Customising your AMP sub-theme
Now that you’ve set up AMP and created a sub-theme, you’ll need to create CSS to style your pages. In this guide, we'll cover the following topics:
AMP (Accelerated Mobile Pages) are a stripped down form of HTML, designed to be lightweight and serve mobile content much faster than regular pages. Naturally, this creates limitations to ensure fast delivery of content.
Custom JS and additional libraries can add a lot of weight to page load times, so AMP pages do not support these.
Your AMP sub-theme CSS styles (which are actually held in a Drupal
html.twig file) cannot exceed 75kb.
See recommended approach to CSS for more info.
See the Disallowed styles section on the amp.dev website for latest information.
Any imported fonts you’ve specified in Site Studio >
Website settings >
Font libraries will be available to your AMP sub-theme to use in CSS.
The following origins are whitelisted by AMP:
Google Fonts: https://fonts.google.com/
Font Awesome: https://fontawesome.com/
Uploaded font packages will not work unless you create
@font-face declarations for these fonts in your sub-theme CSS file. These can be copied from the
This also applies to icon fonts specified in Site Studio >
Website settings >
Make sure that any custom font you use is as lightweight as possible, as this will impact page load time.
|Field Formatter Class||Allows classes to be added to the outer wrapper of any Drupal field display, which provides more control for theming.|
|Title Field for Manage Display||Creates a
|Breadcrumb Extra Field||Creates a
|Context (and Context UI submodule)||In combination with
Identifying content for AMP optimisation
Initially your AMP pages will look very different to regular pages as no styles will be applied - these have to be generated manually.
We recommend you identify a content type that is most likely to benefit from AMP optimisation (eg. blog) as a starting point. You can then expand to other content types as necessary, providing you do not exceed the 50kb CSS limit.
Block and content type optimisation
Once you’ve identified a content type to work with, you may need to reorganise your block and content type field placement to provide the best user experience. Site Studio templated content (master templates, content templates etc) are not supported with AMP themes.
Select the correct tab before making changes to block or content type field layout, so that other displays are unaffected. For blocks this is your sub-theme, for content types it will be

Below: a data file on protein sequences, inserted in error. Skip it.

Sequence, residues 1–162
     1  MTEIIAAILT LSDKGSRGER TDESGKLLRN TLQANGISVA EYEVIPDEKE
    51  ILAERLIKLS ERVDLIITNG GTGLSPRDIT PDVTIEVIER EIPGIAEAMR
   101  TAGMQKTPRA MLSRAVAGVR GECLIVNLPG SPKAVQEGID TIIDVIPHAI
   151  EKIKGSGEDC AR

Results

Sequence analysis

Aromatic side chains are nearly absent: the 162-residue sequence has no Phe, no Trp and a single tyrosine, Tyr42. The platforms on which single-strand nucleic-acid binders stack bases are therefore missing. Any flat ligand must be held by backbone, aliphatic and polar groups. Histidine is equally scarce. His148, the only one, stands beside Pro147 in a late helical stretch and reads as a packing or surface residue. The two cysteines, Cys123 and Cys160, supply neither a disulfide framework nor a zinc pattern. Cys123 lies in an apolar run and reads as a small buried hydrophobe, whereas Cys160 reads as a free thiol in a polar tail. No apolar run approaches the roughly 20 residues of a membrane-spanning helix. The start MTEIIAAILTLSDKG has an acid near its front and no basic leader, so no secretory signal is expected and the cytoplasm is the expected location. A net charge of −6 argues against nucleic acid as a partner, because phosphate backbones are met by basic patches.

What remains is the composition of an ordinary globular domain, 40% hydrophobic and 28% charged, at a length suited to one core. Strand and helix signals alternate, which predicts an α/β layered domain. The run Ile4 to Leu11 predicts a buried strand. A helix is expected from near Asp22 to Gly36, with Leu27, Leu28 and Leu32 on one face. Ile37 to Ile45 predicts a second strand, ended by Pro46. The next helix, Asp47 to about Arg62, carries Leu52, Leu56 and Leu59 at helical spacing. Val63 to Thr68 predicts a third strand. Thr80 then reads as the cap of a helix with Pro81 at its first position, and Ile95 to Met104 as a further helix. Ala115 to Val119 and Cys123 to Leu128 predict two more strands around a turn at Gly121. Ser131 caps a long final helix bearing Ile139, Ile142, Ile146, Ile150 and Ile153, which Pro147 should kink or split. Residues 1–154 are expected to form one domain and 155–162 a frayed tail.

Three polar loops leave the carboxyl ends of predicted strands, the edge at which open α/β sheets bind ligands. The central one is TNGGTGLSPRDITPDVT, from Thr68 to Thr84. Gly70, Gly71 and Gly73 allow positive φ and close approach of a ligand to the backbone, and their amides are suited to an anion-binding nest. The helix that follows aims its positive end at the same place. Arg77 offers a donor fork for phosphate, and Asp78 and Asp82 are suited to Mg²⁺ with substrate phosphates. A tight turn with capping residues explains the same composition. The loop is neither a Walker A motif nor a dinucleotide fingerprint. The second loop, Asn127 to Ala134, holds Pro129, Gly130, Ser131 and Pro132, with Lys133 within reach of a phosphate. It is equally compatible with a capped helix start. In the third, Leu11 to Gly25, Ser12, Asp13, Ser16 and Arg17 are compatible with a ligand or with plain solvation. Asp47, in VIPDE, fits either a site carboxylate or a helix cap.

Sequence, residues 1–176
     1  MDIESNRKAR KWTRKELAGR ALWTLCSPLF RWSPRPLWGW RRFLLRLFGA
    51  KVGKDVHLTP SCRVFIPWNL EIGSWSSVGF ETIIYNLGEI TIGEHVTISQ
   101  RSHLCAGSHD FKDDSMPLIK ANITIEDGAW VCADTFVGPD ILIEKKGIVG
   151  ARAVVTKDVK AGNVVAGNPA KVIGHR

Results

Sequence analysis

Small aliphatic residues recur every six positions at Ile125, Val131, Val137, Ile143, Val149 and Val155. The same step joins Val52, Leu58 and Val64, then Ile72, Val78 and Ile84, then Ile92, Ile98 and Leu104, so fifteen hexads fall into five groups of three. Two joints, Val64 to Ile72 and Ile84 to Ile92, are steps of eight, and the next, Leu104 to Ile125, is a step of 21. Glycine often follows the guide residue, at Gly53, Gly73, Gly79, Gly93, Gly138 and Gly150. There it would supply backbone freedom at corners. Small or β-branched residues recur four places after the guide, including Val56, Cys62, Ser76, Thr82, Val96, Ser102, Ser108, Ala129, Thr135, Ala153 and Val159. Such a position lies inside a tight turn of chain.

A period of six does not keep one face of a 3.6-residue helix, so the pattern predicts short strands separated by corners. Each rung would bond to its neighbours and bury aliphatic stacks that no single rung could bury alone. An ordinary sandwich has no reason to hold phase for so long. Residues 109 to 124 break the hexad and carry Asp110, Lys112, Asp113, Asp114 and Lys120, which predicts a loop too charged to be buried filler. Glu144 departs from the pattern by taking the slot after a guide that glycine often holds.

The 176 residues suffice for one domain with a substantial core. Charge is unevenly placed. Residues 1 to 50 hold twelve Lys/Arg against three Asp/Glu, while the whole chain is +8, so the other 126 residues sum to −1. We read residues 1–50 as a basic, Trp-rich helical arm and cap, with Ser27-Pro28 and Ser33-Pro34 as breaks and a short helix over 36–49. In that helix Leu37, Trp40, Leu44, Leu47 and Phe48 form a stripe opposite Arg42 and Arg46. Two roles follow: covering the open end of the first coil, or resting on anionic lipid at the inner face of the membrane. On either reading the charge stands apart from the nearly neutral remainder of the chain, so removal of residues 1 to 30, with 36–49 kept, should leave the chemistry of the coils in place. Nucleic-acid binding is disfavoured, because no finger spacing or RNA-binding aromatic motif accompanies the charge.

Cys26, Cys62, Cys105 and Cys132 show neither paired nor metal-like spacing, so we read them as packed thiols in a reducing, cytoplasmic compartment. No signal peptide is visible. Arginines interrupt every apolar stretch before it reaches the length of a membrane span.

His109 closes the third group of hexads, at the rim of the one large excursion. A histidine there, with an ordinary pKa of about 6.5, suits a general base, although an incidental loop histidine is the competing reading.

Make sure any fields on your content type are using the correct formatter. For example,
Image needs to be changed to
See the useful modules section for some community modules that will help with this process.
Recommended approach to CSS
To keep your theme CSS as light as possible, we recommend using a CSS preprocessor such as SCSS. By setting the SCSS output style to
compressed, it will minify the CSS into a single line and provide room for extra CSS.
Keep CSS selectors as short as possible - single-level element (e.g.
H1) or class (e.g.
.myclass) selectors are ideal.
Never use ID selectors (e.g.
#myid) as these are much harder to override.
If multi-level selectors are necessary, limit to no more than three levels (e.g.
ul li a) - if possible add classes to these elements to give more control.
Don’t use an autoprefixer - whilst this is normally recommended for legacy browser support, AMP is a modern development framework that targets mobile devices that don’t require autoprefixing. It will also reduce the amount of CSS generated.
Keep it simple - your AMP pages won’t always look the same as your regular pages, given that page load speed is the priority.
Whilst the CSS you define for your AMP sub-theme will differ from project to project, we recommend using the following outline.
||Always put your font declarations first, so that you can specify
|Site Studio grid styles||As no external styles are loaded, you will need to duplicate Site Studio’s grid CSS to implement a responsive layout. These include
|Site Studio base styles||Some styles that you’ve defined through Site Studio base styles may need duplicating. For example
|Drupal core styles||you may need to duplicate some of Drupal's core CSS. Examples include
|Drupal element styles||CSS that targets Drupal elements, blocks or fields. This would include styles for any custom classes you’ve added to content type fields.|
|Site Studio custom styles||Some styles that you’ve defined through Site Studio custom styles may need duplicating.|
|Site Studio inline element styles||Styles that you’ve applied directly to Site Studio elements through the